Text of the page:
For some time, we have known that insufficient sleep increases blood pressure, and, therefore, the risk of heart-related diseases.
Recently, researchers from Columbia University Irving Medical Center in New York conducted a study to assess whether or not less serious sleep issues could cause measurable cardiovascular effects.
An estimated one third of people in the United States do not get enough sleep. And, women seem to be affected more often than men.
There are several reasons why sleep problems are more common in women. For instance, women are more likely to be carers for children and elderly relatives, and they also experience shifts in hormones both monthly and across their lifespan.
For this reason, the scientists decided to focus their study on women. Lead study author Brooke Aggarwal explains why the prevalence of sleep disturbance in women is particularly worrying.
She says, “[S]tudies have shown that sleep deprivation and milder sleep problems may have a disproportionate effect on cardiovascular health in women.”
Investigating sleep disturbances
To investigate, the scientists studied 323 healthy female participants aged 20–79. As well as more severe sleep problems such as sleep apnea — wherein a person stops breathing for short periods of time while asleep — they tested for more minor problems, such as poor sleep quality, difficulty dropping off, and insomnia.
Their results were published recently in the Journal of the American Heart Association.
The researchers used a wristwatch-like device to monitor the women’s sleep. They revealed that women who displayed minor sleep problems — even those who slept for 7–9 hours each night — were more likely to have elevated blood pressure.
In other words, even when the amount of sleep was at recommended levels, sleep disturbances still increased the risk of hypertension. The researchers conclude:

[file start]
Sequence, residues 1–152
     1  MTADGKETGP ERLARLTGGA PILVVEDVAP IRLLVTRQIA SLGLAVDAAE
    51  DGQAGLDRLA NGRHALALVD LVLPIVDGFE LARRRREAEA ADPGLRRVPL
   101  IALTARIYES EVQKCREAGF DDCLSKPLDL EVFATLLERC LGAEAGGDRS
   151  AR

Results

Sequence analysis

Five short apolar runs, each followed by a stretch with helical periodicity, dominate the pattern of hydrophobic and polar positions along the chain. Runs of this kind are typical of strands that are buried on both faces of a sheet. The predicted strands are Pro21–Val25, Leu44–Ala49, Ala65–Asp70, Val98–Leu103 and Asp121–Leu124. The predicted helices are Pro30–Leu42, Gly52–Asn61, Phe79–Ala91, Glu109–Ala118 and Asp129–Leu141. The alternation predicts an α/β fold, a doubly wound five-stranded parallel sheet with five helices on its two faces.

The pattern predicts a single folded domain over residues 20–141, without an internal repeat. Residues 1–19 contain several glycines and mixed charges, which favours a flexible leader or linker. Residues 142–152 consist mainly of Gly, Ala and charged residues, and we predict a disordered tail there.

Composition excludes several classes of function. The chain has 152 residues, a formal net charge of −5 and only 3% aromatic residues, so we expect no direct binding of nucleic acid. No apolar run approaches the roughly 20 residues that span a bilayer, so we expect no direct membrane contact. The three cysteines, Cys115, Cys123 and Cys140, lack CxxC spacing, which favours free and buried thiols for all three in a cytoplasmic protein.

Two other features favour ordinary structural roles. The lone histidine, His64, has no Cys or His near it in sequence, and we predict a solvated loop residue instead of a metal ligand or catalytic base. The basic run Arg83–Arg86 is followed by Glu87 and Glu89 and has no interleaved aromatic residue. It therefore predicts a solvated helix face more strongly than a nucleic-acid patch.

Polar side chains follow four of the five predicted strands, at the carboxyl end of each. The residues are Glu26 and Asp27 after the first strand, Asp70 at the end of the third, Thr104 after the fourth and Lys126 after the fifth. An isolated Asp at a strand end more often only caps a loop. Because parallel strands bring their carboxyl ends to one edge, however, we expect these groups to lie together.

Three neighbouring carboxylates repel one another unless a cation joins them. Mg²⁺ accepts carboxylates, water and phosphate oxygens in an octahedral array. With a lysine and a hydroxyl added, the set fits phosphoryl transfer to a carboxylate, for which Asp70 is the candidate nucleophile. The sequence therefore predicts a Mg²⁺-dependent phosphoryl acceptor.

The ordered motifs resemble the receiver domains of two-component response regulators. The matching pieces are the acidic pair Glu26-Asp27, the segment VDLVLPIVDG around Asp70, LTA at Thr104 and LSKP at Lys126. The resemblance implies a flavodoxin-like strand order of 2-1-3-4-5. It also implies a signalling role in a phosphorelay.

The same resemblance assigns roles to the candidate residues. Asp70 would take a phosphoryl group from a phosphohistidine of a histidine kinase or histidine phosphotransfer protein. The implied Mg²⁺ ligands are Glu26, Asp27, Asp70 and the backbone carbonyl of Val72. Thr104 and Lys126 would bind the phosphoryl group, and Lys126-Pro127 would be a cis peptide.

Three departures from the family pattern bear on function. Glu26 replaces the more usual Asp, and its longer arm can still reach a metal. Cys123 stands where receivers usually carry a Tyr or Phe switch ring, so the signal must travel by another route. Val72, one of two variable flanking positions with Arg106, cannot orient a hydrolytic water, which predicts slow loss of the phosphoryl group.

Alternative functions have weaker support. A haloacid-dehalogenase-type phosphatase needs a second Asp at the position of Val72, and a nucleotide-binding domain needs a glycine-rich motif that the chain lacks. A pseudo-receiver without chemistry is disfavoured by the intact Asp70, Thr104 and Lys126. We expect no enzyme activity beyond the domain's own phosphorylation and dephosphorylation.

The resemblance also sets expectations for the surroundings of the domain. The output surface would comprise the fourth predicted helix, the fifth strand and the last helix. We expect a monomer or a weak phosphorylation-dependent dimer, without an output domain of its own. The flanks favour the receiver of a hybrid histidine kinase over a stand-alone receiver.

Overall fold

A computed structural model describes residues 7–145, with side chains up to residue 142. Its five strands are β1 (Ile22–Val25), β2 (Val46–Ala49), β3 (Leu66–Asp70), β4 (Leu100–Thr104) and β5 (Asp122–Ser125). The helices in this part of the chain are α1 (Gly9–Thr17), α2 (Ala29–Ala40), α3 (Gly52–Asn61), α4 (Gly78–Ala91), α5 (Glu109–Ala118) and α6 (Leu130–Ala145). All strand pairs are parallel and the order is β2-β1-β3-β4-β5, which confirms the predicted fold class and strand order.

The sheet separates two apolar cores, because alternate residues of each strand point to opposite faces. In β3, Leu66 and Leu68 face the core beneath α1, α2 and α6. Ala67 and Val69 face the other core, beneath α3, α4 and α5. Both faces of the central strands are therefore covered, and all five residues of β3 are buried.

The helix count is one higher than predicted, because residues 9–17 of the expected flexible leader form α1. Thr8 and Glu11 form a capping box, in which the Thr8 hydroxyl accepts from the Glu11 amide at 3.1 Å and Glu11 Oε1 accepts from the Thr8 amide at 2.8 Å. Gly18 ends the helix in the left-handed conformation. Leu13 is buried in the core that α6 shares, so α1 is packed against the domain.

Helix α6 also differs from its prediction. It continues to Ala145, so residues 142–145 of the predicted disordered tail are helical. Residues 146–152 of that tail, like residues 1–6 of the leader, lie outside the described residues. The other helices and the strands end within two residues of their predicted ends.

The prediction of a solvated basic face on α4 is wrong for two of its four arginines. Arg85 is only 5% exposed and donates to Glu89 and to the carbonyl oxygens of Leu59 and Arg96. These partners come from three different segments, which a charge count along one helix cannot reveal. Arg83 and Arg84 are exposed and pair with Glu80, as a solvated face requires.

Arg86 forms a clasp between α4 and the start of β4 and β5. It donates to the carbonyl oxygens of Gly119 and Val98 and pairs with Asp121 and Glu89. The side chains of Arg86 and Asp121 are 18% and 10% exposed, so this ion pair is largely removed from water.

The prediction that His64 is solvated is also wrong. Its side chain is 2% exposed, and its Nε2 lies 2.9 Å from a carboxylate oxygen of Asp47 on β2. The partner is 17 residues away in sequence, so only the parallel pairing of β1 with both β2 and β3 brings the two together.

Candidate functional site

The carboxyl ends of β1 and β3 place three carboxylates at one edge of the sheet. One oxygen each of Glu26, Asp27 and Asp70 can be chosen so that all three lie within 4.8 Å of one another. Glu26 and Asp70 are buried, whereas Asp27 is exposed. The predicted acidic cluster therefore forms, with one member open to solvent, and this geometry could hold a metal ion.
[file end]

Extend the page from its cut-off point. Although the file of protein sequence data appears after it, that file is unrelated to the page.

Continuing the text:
“[R]elatively mild sleep disturbances such as poor sleep quality, prolonged time to fall asleep, and insomnia are associated with increased blood pressure and vascular inflammation in women, even in the absence of sleep deprivation.”
Of the participants, 26 women also allowed the researchers to sample endothelial cells — the cells that line blood vessels — from the vein in their arms. The team assessed the samples for a protein called endothelial nuclear factor kappa B, which is related to inflammation and can signal the development of cardiovascular disease.
As expected, the scientists found a relationship between sleep disturbance and inflammation in endothelial cells.
“Our findings suggest that mild sleep problems could possibly initiate the vascular endothelial inflammation that’s a significant contributor to cardiovascular disease. Results of an ongoing clinical trial may confirm these results.”
Although the research was carried out on a relatively small sample (particularly the endothelial cell investigation), the findings merit further work. Indeed, the scientists are involved in ongoing experiments into this interaction.
As we await confirmation, Aggarwal concludes that “[i]n the meantime, it may be prudent to screen women for milder sleep disturbances in an effort to help prevent cardiovascular disease.”
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